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Do cavies talk? The effect of anthropomorphic picture books on children\u27s knowledge about animals

By Patricia A. Ganea, Caitlin F. Canfield, Kadria Simons-Ghafari and Tommy Chou

Abstract

Many books for young children present animals in fantastical and unrealistic ways, such as wearing clothes, talking and engaging in human-like activities. This research examined whether anthropomorphism in children\u27s books affects children\u27s learning and conceptions of animals, by specifically assessing the impact of depictions (a bird wearing clothes and reading a book) and language (bird described as talking and as having human intentions). In Study 1, 3-, 4-, and 5-year-old children saw picture books featuring realistic drawings of a novel animal. Half of the children also heard factual, realistic language, while the other half heard anthropomorphized language. In Study 2, we replicated the first study using anthropomorphic illustrations of real animals. The results show that the language used to describe animals in books has an effect on children\u27s tendency to attribute human-like traits to animals, and that anthropomorphic storybooks affect younger children\u27s learning of novel facts about animals. These results indicate that anthropomorphized animals in books may not only lead to less learning but also influence children\u27s conceptual knowledge of animals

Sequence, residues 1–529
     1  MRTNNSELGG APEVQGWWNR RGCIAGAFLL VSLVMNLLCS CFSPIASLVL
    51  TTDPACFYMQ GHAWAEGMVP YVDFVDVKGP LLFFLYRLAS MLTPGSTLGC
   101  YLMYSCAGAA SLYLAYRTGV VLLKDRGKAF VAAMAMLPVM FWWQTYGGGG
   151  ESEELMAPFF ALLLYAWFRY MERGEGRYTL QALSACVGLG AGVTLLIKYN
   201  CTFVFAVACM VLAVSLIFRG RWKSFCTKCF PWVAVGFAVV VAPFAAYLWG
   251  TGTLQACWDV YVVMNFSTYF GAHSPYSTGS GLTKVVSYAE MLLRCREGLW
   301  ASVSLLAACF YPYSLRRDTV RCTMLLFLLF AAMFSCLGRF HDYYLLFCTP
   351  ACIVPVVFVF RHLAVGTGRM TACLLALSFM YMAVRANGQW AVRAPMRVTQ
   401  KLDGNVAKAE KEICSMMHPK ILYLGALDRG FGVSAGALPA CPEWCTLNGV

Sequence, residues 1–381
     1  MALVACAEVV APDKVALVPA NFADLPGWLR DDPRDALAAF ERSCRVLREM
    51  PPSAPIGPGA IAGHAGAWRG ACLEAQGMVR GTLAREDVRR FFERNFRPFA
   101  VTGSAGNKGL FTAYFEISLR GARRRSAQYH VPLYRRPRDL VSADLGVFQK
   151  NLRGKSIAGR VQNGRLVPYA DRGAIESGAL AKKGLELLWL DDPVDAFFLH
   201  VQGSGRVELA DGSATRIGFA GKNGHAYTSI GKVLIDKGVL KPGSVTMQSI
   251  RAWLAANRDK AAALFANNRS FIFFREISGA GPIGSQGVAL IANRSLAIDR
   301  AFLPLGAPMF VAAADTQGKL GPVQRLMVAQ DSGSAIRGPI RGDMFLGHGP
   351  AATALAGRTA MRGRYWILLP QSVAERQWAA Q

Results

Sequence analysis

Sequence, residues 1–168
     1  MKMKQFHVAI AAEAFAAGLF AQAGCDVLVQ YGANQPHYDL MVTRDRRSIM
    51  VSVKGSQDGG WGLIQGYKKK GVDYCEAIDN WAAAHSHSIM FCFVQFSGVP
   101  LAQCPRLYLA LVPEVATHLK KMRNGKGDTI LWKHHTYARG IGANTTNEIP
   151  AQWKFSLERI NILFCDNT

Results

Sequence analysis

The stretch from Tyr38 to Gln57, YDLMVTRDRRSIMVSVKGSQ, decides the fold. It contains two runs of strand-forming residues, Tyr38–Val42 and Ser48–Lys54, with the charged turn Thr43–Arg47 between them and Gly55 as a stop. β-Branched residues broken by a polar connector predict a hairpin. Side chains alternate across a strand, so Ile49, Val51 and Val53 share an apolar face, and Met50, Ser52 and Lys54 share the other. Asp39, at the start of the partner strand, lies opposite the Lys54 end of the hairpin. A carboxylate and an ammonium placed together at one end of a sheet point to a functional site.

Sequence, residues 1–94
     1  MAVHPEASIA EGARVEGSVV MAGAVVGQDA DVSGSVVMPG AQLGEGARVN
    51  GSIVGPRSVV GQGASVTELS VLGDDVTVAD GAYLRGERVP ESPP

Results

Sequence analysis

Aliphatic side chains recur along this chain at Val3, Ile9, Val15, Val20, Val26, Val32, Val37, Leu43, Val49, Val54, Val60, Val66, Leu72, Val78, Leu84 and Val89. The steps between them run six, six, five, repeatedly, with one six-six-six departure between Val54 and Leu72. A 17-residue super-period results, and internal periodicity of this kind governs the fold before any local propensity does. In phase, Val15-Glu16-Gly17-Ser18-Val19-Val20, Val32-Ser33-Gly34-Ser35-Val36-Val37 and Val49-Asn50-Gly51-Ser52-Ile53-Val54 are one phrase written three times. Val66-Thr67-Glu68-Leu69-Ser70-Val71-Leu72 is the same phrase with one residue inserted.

Topics: Psychology
Publisher: FIU Digital Commons
Year: 2014
OAI identifier: oai:digitalcommons.fiu.edu:psychology_fac-1002

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